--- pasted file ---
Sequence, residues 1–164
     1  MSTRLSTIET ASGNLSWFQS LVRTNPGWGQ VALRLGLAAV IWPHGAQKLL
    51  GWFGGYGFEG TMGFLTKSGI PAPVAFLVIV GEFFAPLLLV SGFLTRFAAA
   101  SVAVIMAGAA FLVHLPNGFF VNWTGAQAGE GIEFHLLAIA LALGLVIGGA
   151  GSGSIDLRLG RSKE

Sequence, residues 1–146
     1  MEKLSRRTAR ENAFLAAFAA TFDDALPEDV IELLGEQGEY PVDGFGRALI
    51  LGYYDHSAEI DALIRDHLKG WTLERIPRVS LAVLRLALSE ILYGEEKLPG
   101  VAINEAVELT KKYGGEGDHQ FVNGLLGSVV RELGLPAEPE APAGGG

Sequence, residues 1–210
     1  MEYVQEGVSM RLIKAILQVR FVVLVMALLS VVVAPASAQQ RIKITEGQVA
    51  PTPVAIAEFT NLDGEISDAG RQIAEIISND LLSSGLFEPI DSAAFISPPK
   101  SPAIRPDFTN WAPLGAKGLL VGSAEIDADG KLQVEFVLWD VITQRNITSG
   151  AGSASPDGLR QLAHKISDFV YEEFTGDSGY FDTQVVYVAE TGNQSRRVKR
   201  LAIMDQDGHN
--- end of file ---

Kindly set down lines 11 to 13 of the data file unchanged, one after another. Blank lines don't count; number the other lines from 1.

     1  MEYVQEGVSM RLIKAILQVR FVVLVMALLS VVVAPASAQQ RIKITEGQVA
    51  PTPVAIAEFT NLDGEISDAG RQIAEIISND LLSSGLFEPI DSAAFISPPK
   101  SPAIRPDFTN WAPLGAKGLL VGSAEIDADG KLQVEFVLWD VITQRNITSG